Why the United State of Women Matters

Our Executive Director, Karen Sterk, recently joined forces with Michele Ozumba of the Women’s College Coalition and JRF Board Member, Linda Brigham of Coca-Cola and Letty Ashworth of Delta Air Lines on a girls’ trip to the United State of Women White House Summit. From the moment they arrived at 6:15 a.m., they stood amidst long lines of thousands of diverse women, waiting for the greatness to begin. Looking back on it, the “greatness” they were yearning for had already started while in line.

For the first time ever, the United State of Women White House Summit brought together 5,000 women focused on economic empowerment, health and wellness, education, violence, entrepreneurship and innovation, and leadership and civic engagement. As Congresswoman Nancy Pelosi stated, “when women succeed, America succeeds.” We’d like to add that when women of diverse backgrounds, colors, age, and pursuits are supportedto succeed, then and only then will America be ready to reach its true pinnacle of success.

Director Sterk expresses:

“I was especially impressed with Vice-President Joe Biden’s open

remarks on America’s rape culture. It isn’t everyday that a man of such power leads a public discussion on the mistreatment of women’s bodies or to pass the Violence Against Women Act back in the 1990s. Vice-President Biden expressed that violence against women is really an abuse of power. Rape is a repulsive obsession to assert and abuse power.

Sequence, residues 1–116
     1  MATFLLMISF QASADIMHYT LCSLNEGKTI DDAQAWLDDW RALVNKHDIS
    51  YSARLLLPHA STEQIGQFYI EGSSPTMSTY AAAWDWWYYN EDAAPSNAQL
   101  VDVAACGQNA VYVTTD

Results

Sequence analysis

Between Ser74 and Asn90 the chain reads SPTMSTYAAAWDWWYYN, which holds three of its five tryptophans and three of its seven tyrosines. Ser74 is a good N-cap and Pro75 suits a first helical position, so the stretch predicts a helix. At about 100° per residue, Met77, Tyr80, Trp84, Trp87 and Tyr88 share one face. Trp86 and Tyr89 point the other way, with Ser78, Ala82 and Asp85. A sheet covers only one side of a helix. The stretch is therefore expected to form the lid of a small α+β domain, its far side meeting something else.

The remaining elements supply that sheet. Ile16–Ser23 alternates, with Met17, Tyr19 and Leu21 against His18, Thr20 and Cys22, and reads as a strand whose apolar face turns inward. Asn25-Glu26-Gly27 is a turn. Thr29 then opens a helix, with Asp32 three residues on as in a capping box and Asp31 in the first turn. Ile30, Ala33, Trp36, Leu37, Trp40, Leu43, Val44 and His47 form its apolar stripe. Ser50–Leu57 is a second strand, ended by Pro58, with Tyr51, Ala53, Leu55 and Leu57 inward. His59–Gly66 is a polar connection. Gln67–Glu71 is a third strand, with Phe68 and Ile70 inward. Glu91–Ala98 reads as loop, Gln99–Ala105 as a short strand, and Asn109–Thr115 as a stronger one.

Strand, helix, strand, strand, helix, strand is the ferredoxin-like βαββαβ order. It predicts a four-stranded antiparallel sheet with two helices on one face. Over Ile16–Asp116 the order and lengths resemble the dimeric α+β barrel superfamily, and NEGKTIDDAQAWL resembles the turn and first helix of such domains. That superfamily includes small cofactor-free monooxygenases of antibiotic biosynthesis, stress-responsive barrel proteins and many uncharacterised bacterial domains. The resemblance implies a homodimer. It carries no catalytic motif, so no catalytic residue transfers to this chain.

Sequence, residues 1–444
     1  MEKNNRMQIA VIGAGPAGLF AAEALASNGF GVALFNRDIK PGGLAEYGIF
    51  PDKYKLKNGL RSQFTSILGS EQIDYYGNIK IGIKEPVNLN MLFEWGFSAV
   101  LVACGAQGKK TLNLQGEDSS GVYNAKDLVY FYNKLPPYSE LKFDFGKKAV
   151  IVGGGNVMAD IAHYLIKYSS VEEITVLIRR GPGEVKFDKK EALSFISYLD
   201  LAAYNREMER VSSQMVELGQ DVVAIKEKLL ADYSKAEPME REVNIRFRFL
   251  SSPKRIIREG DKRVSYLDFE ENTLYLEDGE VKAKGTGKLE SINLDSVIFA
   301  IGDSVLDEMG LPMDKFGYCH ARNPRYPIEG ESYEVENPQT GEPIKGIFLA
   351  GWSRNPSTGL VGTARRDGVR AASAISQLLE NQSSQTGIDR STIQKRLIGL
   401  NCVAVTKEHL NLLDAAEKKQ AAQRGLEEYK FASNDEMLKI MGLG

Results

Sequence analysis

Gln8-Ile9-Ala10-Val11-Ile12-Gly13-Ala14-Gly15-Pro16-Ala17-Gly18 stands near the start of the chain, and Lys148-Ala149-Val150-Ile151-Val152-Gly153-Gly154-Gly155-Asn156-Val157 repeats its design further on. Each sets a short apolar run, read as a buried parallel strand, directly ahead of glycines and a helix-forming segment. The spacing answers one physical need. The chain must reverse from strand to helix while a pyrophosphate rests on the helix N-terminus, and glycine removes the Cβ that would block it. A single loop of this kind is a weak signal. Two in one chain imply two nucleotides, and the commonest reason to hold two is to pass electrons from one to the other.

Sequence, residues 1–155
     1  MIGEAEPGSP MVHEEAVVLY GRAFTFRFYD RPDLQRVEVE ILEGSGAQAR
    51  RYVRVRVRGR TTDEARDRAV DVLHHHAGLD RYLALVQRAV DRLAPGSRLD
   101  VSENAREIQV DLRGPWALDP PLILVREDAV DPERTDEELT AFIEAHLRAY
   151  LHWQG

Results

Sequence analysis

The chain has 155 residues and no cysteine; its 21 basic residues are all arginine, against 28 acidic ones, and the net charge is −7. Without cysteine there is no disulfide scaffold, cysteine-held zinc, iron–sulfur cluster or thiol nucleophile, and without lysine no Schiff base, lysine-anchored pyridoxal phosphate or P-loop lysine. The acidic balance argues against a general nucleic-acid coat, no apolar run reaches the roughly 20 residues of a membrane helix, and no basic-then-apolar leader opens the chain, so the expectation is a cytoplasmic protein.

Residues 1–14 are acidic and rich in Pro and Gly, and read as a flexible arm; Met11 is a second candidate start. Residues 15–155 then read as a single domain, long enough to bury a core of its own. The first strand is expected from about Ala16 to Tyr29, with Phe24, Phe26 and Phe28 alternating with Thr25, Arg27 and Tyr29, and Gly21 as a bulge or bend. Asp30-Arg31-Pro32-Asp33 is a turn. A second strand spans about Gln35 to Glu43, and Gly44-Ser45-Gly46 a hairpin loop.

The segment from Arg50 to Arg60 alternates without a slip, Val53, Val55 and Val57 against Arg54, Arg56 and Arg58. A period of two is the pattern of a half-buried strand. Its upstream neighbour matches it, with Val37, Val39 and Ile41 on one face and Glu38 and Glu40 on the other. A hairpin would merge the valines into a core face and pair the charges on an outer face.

Unfortunately, many of our Jeannette Rankin Women’s Foundation (JRF) Scholars have been robbed of their body’s power at some point. Rape and abuse of any kind can leave victims in a trapped state of fear. Pursuing higher education is one way to reclaim one’s power and overcome the fear of failure.”

How do we connect what we do with workforce development?

Women aren’t encouraged to be plumbers, truckers, or mechanics. Yet during one of the sessions hosted by the Department of Education, panelists shared technical education tips and lucrative opportunities from pipefitting to supply chain.

If you are a woman over the age of 35, returning to traditional higher education presents its own set of challenges. Two-year programs at technical institutions can ease these concerns, provide women equitable access to jobs more quickly, and lessen the financial burden of a quality education.

We need to make sure we are exposing women to these opportunities and shattering stereotypes of what success looks like. It comes in different colors, different degrees, different roles, and from different places.

Great summit. Now, what?

The Jeannette Rankin Women’s Scholarship Fund and other women’s organizations are now challenged to deepen our impact and expand our reach, far beyond solely providing scholarships or jobs. We need to collaborate and maintain that same overwhelming sense of urgency and sisterhood from the summit to reclaim our power in this country as women. We encourage you to stay tuned to United State of Women events in your area.

The #stateofwomen proved that this holistic effort to uplift all women is imperative to breaking cycles of poverty, oppression, sexism, and racism. And yes, men we are talking to you too.

The Jeannette Rankin Women’s Scholarship Fund has successfully provided scholarships to over 800 women in 40 years and in the words of First Lady Michelle Obama, “We are not done yet! We have to continue the work.”